Loading ...
Sorry, an error occurred while loading the content.

Honey laced with lavendar

Expand Messages
  • audreytaylor13
    I have heard that the ancients used honey steeped with lavendar on any open wound. I can t remember where I read this, perhaps something form Ancient Egypt.
    Message 1 of 9 , May 9, 2009
    • 0 Attachment
      I have heard that the ancients used honey steeped with lavendar on any open wound. I can't remember where I read this, perhaps something form Ancient Egypt. It's been quite a few years ago. Honey has a natural anodyne and is antiseptic, and lavendar is antispetic as well. Anyone else ever read or heard of such a thing? I believe the ancient belief was that you fed the wound. Modernistically I know that honey feeds the good bacteria that eats the staph or the strep bacteria, and prevents wounds from festering. But, of course, they didn't know about such things then.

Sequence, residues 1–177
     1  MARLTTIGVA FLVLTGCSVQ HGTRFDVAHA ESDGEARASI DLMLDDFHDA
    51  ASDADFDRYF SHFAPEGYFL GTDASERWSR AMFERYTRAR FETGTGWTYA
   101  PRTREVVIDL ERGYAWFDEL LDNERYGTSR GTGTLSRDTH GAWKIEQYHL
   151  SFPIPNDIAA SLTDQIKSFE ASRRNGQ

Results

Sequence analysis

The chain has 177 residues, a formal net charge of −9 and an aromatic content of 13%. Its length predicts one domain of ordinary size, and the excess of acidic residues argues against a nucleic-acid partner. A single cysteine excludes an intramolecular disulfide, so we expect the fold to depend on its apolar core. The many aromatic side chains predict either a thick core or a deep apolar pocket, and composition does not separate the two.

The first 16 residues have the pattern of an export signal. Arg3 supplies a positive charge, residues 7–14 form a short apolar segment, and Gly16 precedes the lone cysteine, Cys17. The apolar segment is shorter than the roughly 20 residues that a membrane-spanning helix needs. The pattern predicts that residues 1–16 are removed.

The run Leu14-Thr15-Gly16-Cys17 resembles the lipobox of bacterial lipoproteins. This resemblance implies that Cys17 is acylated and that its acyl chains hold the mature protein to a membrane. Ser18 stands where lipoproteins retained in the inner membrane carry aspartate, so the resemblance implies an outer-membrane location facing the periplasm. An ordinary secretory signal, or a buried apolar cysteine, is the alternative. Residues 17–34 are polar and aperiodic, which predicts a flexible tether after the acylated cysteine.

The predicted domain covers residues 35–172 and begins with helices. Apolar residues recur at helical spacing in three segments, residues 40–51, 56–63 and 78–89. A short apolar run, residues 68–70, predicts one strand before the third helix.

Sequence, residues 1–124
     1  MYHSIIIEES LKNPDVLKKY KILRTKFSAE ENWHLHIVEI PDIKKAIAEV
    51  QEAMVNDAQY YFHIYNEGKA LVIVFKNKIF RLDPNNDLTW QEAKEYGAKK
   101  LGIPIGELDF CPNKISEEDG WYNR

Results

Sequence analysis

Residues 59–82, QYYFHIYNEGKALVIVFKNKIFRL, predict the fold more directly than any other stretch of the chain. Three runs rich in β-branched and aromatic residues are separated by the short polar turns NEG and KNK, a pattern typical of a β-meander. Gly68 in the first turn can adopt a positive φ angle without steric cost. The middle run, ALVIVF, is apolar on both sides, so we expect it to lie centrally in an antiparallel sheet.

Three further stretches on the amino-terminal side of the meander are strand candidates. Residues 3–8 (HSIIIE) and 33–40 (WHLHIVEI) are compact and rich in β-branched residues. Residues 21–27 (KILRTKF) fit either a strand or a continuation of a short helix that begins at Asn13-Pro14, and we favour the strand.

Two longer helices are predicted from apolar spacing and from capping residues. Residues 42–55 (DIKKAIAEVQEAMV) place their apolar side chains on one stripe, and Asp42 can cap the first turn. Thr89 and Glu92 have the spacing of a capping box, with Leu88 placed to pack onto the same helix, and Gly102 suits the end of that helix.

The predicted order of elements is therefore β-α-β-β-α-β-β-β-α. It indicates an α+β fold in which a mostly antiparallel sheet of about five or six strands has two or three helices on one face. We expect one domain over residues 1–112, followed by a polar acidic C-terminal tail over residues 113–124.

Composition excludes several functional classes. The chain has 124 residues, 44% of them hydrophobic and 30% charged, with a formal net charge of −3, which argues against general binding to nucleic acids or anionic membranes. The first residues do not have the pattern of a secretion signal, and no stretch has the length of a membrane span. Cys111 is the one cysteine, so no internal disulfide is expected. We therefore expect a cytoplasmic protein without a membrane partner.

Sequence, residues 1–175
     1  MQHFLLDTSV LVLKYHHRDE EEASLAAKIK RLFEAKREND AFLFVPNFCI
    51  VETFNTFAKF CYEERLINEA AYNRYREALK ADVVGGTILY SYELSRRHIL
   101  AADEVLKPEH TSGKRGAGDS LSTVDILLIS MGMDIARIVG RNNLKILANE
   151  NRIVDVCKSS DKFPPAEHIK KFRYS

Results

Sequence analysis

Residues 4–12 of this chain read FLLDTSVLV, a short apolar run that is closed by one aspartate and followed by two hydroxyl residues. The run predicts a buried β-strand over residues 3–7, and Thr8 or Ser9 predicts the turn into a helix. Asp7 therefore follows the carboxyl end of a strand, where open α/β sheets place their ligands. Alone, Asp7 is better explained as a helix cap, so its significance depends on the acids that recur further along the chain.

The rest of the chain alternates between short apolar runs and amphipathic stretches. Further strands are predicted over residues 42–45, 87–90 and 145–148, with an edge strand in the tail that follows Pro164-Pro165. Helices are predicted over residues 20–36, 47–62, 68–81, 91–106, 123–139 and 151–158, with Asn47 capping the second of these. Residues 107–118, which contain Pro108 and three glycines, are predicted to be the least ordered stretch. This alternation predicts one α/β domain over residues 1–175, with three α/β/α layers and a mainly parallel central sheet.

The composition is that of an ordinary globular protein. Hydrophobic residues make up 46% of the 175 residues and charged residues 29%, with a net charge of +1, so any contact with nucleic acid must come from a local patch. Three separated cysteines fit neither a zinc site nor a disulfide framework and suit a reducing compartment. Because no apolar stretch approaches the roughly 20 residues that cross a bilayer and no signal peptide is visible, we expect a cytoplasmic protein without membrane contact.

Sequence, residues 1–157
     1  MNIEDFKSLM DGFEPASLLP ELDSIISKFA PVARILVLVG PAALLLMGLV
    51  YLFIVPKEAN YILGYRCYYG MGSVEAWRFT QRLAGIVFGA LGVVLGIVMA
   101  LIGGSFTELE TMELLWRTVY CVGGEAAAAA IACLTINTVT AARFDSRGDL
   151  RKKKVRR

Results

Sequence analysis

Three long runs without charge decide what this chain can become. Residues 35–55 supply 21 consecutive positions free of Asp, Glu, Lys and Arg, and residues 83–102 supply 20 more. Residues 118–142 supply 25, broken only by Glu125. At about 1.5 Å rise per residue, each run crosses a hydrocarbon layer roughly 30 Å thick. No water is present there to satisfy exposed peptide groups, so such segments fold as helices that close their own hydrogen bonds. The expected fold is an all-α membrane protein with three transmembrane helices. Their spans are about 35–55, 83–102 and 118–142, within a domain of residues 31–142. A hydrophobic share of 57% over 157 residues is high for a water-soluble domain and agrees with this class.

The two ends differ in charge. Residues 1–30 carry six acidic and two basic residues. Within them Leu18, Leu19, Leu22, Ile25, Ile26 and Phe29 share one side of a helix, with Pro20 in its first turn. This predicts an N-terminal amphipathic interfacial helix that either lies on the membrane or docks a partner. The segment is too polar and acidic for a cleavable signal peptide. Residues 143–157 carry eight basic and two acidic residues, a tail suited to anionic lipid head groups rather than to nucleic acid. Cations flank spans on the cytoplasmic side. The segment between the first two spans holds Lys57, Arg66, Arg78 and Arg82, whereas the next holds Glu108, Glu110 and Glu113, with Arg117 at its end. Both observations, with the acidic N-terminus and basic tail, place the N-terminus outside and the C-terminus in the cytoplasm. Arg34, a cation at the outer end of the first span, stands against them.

• audreytaylor13
      I have heard that the ancients used honey steeped with lavendar on any open wound. I can t remember where I read this, perhaps something form Ancient Egypt.
      Message 2 of 9 , May 9, 2009
      • 0 Attachment
        I have heard that the ancients used honey steeped with lavendar on any open wound. I can't remember where I read this, perhaps something form Ancient Egypt. It's been quite a few years ago. Honey has a natural anodyne and is antiseptic, and lavendar is antispetic as well. Anyone else ever read or heard of such a thing? I believe the ancient belief was that you fed the wound. Modernistically I know that honey feeds the good bacteria that eats the staph or the strep bacteria, and prevents wounds from festering. But, of course, they didn't know about such things then.
      • jack hollandbeck
        Good morning. The ancients used honey for all kinds of things, including eating. lol It was the only sweetener at the time. Anyway honey was considered the
        Message 3 of 9 , May 10, 2009
        • 0 Attachment